Most of the post-debate media chatter centered on the sparks that flew between top-tier candidates Mitt Romney and Rick Perry. That's to be expected, of course -- that's precisely the way the media framed the debate going in to last night. And for the most part, that's the story today, with the addition of some "Jon Huntsman tried to inject himself into the race" sidelines. Writing for The Plum Line, Jonathan Bernstein says that "the most notable thing about the Republican field" is the "absence of a middle tier -- candidates who would make perfectly plausible nominees, but just weren’t likely to win." Well, I'd disagree with that -- the "middle tier," for the moment, is Ron Paul.
And if this image is any indication, Rick Perry, at the very least, hasn't managed to put Paul in his rear view:
This picture of Perry getting in Paul's face was apparently snapped while the cameras were not rolling at the debate last night. The two men have some beef -- Paul's most recent ad, if you recall, called out Perry for being a "cheerleader" for Al Gore's presidential candidacy, and presented Paul as the true heir of the Reagan legacy. The Perry campaign had shot back at it prior to last night's debate (making Rick Perry, to the best of my recollection, the first presidential candidate to ever respond to a Ron Paul attack ad), and the battle was restaged for the cameras last night. For those who weren't watching, Perry brought up Paul's decision to quit the GOP over the policies of the Reagan administration, and Paul countered by saying that he's stayed true to the "message" of Reagan, if not the man himself.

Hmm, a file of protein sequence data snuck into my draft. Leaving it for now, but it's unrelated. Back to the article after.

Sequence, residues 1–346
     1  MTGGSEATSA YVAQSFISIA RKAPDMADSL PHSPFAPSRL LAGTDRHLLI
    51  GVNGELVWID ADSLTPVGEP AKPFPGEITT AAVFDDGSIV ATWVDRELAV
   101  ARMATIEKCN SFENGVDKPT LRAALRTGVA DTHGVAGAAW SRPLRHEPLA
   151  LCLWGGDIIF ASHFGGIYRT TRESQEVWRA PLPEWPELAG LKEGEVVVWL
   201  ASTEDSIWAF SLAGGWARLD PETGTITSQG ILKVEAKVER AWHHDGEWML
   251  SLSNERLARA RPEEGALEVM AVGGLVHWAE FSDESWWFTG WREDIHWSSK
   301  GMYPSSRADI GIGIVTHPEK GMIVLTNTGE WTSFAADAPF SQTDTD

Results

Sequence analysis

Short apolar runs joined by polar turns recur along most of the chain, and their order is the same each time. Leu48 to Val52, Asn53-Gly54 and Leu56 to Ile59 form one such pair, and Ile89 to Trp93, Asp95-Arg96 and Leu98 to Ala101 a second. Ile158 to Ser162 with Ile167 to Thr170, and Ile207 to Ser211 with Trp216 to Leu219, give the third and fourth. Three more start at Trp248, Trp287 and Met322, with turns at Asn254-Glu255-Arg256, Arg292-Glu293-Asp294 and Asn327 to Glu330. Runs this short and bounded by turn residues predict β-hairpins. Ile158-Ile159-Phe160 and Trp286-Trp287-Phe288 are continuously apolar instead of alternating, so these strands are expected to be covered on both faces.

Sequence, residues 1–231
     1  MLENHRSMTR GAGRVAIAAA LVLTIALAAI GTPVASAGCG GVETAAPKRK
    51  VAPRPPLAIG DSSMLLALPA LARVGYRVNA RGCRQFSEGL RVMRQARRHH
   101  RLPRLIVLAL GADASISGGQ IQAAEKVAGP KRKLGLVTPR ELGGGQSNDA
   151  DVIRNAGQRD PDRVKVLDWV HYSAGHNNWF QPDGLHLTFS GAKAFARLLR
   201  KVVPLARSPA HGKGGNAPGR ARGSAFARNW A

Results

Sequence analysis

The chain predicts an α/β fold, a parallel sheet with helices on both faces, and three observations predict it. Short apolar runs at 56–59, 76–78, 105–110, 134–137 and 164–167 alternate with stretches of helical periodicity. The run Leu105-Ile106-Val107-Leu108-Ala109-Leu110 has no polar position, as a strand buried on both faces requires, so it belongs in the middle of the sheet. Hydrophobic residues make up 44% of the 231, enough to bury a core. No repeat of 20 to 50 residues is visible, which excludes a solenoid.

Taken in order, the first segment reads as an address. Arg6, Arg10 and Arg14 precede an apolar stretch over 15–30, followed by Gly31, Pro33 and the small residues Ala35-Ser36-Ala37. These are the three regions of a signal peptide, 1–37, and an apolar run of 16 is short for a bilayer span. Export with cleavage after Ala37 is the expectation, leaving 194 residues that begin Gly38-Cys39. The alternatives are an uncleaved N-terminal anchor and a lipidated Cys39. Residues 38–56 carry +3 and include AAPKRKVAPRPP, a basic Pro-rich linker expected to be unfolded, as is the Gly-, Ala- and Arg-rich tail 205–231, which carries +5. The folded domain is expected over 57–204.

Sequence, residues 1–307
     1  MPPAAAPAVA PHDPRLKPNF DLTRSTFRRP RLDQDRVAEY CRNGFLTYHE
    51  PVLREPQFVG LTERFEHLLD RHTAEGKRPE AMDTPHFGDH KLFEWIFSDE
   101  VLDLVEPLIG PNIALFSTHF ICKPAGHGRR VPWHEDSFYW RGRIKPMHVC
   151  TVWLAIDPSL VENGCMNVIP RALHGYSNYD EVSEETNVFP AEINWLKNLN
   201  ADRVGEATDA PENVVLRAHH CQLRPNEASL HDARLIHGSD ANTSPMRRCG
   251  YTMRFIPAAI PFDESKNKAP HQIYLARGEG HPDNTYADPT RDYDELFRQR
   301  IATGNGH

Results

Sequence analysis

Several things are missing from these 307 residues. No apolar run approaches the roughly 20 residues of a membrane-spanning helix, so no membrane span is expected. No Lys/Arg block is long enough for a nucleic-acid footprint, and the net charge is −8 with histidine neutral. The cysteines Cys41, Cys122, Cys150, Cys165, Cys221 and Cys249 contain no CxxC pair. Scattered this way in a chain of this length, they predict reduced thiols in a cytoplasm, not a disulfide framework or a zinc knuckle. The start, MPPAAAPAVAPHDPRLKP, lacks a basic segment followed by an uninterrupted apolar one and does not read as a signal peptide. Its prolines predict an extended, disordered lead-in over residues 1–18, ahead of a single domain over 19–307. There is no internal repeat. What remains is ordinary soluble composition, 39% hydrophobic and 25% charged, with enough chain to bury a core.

This image of the same confrontation (which due to the vagaries of licensing I can link to but not reproduce here) is even more jarring -- and not just because it recalls the famous personal space invasion that failed New York Senate candidate Rick Lazio mounted against Hillary Clinton during one of their public debates. Here, Perry is not just in Paul's face, he's made physical contact. Perry is supposed to be all about the Texas swagger, but let's recall that Paul is a septuagenarian. And whatever one thinks of his positions, Paul's public demeanor is generally regarded as respectful and gentlemanly.
At any rate, the upside for the Paul campaign -- who no doubt see Perry as an establishment politician, offering warmed-over versions of the anti-federal government tropes that Paul's been enunciating for years -- is that they can see this as a sign that they've managed to rattle Perry's cage. Don't doubt for a minute that these pictures won't steel the resolve of Paul's core supporters, either. I wouldn't be surprised if the return fire sounds like a "money bomb."
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